We recently applied Corey in Cyrus v. Board of County Commissioners, 226 Or App 1, 202 P3d 274 (2009).  In Cyrus, the petitioners appealed a circuit court judgment essentially affirming an order of the Deschutes County Board of Commissioners that waived particular land use regulations.  While the appeal was pending, Measure 49 became effective, and, like the Supreme Court in Corey, we were faced with determining whether the appeal was moot.  The petitioners in Cyrus argued that our determination of the validity of the Measure 37 waiver would have a practical effect on the parties because it was a predicate to the argument that the waiver had vested under Measure 49.  226 Or App at 8.  However, we concluded that the appeal was moot because, as the Supreme Court held in Corey, Measure 49 deprived all orders disposing of Measure 37 claims of continued viability, and the validity of the waiver could be litigated in a Measure 49 proceeding.  Cyrus, 226 Or App at 13.

Corey and Cyrus are materially distinguishable in that, in those cases, unlike here, there had been no conclusive adjudication of the predicate Measure 37 claims.(8)  Bluntly:  No final judgments conclusively adjudicating those underlying claims had been entered.  Under those circumstances, in which the dispute involving the predicate Measure 37 waivers was ongoing, Measure 49 superseded the existing Measure 37 claims and required the parties to proceed under the new standards in Measure 49 to determine their rights.  Consequently, appellate review of decisions concerning the Measure 37 claims would have had no practical effect on the parties.

The county characterizes the current appeal as part of the ongoing adjudication of English's Measure 37 claim.  However, in this case, unlike in Corey and Cyrus, there is no Measure 37 claim that can be superseded by Measure 49.  That is so because "once a claim is reduced to a judgment, the claim is extinguished because it is 'merged' into the judgment and rights upon the judgment are substituted for the former claim."  Barrett and Barrett, 320 Or 372, 378, 886 P2d 1 (1994).  See Restatement (Second) of Judgments § 18 comment a (1982) ("When the plaintiff recovers a valid and final personal judgment, his original claim is extinguished and rights upon the judgment are substituted for it.  The plaintiff's original claim is said to be 'merged' in the judgment.").

Here, English obtained a valid (and ultimately final) personal judgment against the county, providing that the county owed English $1,150,000 in just compensation pursuant to ORS 197.352.  Any right to obtain appellate review of that compensation judgment expired in February 2007--that is, over nine months before the effective date of Measure 49--when the county moved to dismiss its appeal and we issued the appellate judgment.  At that point, the Measure 37 claim for just compensation was extinguished, but English was left, by way of the consequent "merger" and "substitution," see Barrett, 320 Or at 378, with a final judgment and the right to enforce it.

This appeal arose from English's enforcement activities--that is, English's attempts to compel the county to satisfy the compensation judgment by seeking a writ of mandamus.  This is not an appeal concerning an existing Measure 37 claim.  For that reason, our determination whether the county must pay the compensation judgment will have a practical effect on the rights of the parties.  Consequently, the appeal is not moot.(9)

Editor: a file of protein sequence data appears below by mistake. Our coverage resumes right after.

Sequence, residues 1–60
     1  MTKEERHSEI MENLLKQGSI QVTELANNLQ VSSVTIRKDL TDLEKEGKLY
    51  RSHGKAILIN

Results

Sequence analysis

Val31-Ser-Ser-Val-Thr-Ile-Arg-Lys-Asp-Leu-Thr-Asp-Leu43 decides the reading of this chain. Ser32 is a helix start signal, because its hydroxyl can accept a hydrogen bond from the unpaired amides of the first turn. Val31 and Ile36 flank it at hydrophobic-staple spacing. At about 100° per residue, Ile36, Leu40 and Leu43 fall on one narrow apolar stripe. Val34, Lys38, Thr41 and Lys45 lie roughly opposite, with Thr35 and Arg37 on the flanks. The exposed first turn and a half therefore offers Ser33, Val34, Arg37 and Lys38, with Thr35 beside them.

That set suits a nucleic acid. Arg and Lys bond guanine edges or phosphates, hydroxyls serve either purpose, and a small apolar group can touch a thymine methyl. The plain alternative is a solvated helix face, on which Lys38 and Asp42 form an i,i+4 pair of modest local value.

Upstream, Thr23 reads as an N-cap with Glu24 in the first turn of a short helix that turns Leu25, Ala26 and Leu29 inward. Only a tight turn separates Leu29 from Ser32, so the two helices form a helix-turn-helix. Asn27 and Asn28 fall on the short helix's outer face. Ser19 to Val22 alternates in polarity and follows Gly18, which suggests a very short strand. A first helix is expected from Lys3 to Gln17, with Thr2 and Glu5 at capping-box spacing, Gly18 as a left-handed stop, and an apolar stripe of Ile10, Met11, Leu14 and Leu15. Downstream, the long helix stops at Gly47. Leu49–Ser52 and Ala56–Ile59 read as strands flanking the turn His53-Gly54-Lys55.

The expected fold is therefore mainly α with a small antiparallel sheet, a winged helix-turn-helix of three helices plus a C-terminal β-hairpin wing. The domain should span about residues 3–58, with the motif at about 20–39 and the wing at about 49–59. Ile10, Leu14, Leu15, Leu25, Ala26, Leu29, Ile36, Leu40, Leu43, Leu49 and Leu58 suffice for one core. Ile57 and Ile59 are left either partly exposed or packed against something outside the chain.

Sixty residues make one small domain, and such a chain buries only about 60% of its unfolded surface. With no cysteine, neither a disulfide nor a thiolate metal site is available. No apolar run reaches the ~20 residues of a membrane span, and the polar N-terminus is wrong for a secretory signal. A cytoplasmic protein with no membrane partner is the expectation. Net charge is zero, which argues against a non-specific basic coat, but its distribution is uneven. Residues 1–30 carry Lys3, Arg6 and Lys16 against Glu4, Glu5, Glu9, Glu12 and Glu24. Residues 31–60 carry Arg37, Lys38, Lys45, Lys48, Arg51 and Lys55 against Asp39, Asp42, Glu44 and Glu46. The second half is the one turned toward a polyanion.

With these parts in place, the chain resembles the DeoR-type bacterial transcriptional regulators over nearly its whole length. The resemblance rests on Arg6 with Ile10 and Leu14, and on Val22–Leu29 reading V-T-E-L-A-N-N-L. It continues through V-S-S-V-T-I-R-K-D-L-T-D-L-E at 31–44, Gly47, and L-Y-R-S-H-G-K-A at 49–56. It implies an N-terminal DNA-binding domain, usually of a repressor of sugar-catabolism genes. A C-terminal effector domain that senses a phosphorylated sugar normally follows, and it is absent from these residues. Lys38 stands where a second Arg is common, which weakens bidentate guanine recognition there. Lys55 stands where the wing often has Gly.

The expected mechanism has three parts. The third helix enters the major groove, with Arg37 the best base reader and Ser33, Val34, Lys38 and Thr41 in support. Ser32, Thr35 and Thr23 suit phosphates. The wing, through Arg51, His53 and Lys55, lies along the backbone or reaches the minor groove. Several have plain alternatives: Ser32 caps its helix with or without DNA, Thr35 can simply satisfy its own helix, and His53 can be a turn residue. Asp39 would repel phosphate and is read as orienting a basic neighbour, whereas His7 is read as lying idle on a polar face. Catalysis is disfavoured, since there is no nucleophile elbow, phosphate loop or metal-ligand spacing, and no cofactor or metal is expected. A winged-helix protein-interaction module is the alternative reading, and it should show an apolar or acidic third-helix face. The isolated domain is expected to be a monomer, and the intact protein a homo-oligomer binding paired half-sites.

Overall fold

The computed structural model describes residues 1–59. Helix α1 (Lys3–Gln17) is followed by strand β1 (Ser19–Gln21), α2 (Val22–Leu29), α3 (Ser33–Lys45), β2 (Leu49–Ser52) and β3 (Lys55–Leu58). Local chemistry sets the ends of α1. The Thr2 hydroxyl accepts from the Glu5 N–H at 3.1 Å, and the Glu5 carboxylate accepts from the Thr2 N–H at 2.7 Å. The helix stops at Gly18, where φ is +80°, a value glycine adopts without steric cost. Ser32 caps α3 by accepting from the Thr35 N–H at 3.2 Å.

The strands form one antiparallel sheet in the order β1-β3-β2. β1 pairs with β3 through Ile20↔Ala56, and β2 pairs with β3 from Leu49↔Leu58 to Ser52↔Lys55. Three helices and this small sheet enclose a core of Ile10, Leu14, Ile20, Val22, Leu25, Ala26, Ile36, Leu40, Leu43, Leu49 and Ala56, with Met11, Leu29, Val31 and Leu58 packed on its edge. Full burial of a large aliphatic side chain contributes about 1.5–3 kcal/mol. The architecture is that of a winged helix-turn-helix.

Having determined that the appeal is justiciable, we turn to the merits.  English assigns as error the trial court's refusal to issue a writ of mandamus to compel satisfaction of the compensation judgment.  She contends that claim preclusion bars the county from raising various defenses to the enforcement of the judgment in the mandamus proceeding because the county could have raised--and, in some instances, did raise--those defenses in the compensation proceeding.

The Supreme Court summarized the applicable principles in Rennie v. Freeway Transport, 294 Or 319, 323, 656 P2d 919 (1982):

"[A] plaintiff who has prosecuted one action against a defendant through to a final judgment binding on the parties is barred on res judicata grounds from prosecuting another action against the same defendant where the claim in the second action is one which is based on the same factual transaction that was at issue in the first, seeks a remedy additional or alternative to the one sought earlier, and is of such a nature as could have been joined in the first action."

The doctrine of "[c]laim preclusion applies equally to a defendant's defense."  Drews v. EBI Companies, 310 Or 134, 140, 795 P2d 531 (1990); see Reese, Baffney, Schrag v. Fulkerson, 151 Or App 580, 583, 952 P2d 556 (1997) (stating that "[t]he doctrine of claim preclusion prohibits a defendant in an action on a judgment from raising a defense that might have been, or was, interposed in the original action in which the plaintiff prevailed").  Thus, as the Supreme Court explained in Drews,

"claim preclusion requires that specified characteristics be present in the former action or proceeding before the determination is conclusive on the parties in the future.  The opportunity to litigate is required, whether or not it is used.  Finality is also required.  Where there is an opportunity to litigate the question along the road to the final determination of the action or proceeding, neither party may later litigate the subject or question."